Subject: Re: Open letter to those who believe in a right to free software
From: Ian Lance Taylor <ian@airs.com>
Date: 26 Oct 1999 10:44:52 -0400

   From: "Stephen J. Turnbull" <turnbull@sk.tsukuba.ac.jp>
   Date: Tue, 26 Oct 1999 20:48:52 +0900 (JST)

       Ian> there are more than a few slaves in the world today,
       Ian> and there are more than a few working children, but our
       Ian> community has (presumably) not been destroyed.)

   Community-destroying behavior does not have to result in a destroyed
   community in finite time.  The destruction I am referring to is the
   same as the destruction Richard refers to, I believe:  the destruction 
   of the bonds of community (of ... whatever) that tie two individuals
   together.  "Our community" is an emergent phenomenon derived from
   aggregating lots of such bonds.

OK.  This was a relatively trivial (in fact, parenthetical) side point
to what I was trying to say.  Do you accept my main point that the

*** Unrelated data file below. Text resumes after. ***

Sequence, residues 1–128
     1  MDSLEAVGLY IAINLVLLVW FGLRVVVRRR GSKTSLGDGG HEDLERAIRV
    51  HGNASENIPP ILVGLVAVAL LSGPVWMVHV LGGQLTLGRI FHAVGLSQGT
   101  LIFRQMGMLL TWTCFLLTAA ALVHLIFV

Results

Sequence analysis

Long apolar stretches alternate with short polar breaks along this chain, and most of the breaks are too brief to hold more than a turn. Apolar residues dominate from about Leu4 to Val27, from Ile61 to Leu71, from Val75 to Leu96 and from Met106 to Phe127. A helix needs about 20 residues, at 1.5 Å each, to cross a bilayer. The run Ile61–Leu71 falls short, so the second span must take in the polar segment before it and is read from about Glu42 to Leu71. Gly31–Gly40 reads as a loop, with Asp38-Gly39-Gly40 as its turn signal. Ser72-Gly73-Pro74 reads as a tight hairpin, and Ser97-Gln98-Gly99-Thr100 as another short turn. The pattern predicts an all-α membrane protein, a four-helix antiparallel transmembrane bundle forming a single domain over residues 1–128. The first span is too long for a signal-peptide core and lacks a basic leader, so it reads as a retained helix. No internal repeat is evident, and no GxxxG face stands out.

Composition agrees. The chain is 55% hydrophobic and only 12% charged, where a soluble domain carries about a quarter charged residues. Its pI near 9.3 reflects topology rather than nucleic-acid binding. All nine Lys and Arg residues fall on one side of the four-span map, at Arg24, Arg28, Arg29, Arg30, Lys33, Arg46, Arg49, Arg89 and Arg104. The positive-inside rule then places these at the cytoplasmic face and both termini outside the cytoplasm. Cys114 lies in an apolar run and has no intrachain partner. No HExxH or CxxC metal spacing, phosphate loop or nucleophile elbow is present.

very definition of the community is itself an ethically driven choice?

       Ian> My point is that I believe that you are trying to describe
       Ian> your approach in morally neutral terms, but I believe that
       Ian> that is impossible.  Economic arguments are inherently
       Ian> grounded in a particular ethics.

   The arguments are not.  Logic can be computed.  Whether you accept the
   conclusions is.  Or, often enough, the conclusions you accept may
   drive the next version of your ethics.

Perhaps I made a poor choice of words.  By ``economic arguments'' I
meant to include the assumptions which underlie the model which
supports the logic.

   I will grant that economic argument is full of hidden assumptions that
   are loaded with ethical implications.  The reason I prefer this
   phrasing to yours is that it makes it possible, nay, imperative, for
   me to analyze my own ethical beliefs by teasing out those hidden
   assumptions.

You can't model everything.  Your very choice of what to model is part
of your assumptions.

Ian